Tuesday, 30 May 2017

Arctic Terns

In the afternoon we moved on to Inner Farne. Similar birds but also the chance of seeing Arctic, Sandwich and Common Terns. The Arctic Terns were the reason for visiting here. Again I had seen them before but never this close. A feisty bird, they nest next to and on the paths and you come under constant attack from birds warning you to keep away from their nests. Wear a thick hat if you go there.

There must be a balance for the Arctic Terns. Nest close to where the people go as it protects against the predator gulls but keep the people away from the nests to protect the eggs. It was interesting that some of the birds took no part in the mobbing of the visitors, choosing to sit calmly on the nests as the people walked past just a few feet away. I wonder if these are older birds who know that they are safe and are happy to let the more excitable youngsters get on with the harassment.

It is difficult to believe that these tiny eggs will hatch in a few weeks and by the end of the year the young birds will be down in the South Atlantic part way through an annual 56,000 mile migration.

The Sandwich and Common Terns were a bit harder to find than the Arctic. The Sandwich Terns were nesting in a tight colony in the centre of the island.

Although their name suggests they should be easy to find, the Common Terns were in short supply on the island with just a few lone individuals found nesting.

The islands still show a brutal side. Gulls wait to attack and steal food from returning Puffins. They also predate nests stealing eggs and chicks. It looks harsh but they have to live and they also have chicks to feed.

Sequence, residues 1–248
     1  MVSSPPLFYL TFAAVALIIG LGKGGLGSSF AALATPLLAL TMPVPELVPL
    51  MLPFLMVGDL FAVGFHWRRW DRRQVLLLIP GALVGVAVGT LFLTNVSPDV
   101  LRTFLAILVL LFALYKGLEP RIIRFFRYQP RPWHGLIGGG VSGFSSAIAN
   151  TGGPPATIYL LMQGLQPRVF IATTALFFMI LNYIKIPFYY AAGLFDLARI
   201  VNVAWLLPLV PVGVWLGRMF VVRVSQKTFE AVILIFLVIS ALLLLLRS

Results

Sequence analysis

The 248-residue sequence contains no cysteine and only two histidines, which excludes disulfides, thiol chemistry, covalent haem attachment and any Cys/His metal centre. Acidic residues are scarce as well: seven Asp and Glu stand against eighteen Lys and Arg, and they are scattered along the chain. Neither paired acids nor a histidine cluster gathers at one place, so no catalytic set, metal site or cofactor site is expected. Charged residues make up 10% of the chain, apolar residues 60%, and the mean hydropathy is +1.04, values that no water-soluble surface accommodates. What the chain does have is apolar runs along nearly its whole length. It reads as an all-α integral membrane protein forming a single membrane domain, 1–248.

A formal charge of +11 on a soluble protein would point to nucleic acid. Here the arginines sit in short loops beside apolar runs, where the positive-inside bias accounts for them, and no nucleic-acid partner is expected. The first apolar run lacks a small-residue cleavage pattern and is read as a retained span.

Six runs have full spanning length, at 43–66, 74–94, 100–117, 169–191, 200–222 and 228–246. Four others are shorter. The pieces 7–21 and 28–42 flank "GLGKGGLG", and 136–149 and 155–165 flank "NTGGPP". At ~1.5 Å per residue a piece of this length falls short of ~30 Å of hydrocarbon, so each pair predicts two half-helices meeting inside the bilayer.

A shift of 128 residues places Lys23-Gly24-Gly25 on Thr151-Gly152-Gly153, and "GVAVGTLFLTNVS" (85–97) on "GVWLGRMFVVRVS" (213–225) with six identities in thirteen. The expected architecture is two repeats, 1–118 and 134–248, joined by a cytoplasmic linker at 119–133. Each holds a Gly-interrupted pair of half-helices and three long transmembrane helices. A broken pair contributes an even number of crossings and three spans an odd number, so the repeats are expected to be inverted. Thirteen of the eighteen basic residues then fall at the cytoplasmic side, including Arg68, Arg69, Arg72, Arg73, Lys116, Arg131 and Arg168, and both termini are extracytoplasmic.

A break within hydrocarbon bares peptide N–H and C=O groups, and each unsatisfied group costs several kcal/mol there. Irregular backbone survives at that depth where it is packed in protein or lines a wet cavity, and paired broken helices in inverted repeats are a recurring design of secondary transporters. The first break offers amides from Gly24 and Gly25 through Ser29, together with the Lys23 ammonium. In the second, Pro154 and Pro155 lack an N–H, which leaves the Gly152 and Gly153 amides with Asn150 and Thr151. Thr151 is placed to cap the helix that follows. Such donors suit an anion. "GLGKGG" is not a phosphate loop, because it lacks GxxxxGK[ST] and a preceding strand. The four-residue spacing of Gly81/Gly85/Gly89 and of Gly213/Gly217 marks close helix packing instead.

Lesser Black-backed Gull

It is not a cheap trip, £35 for the all day birding trip and £26 to the National Trust for landing rights. Expensive but well worth it. The National Trust also has to get the balance right. Allowing people onto the islands inevitably means some disturbance and abandoned nests. However, the money they make goes to providing wardens and to protecting the birds. Keeping the cost high will deter some visitors but I have to say, not me. I will be going back at the first opportunity that I get.

Have the National Trust got the balance right? The boats were very crowded, I would say overcrowded, and there were lots of people on the islands. Most were not birders and many seemed to be surprised by the Arctic Terns attacking them. A well aimed brolly, handbag, or flailing arm could do a lot of damage to these small birds. I also wonder if all the money is being used for the benefit of the birds. I could not find any details of visitor numbers or income but they could easily be taking £5-10K a day. I hope it is all being spent on the birds.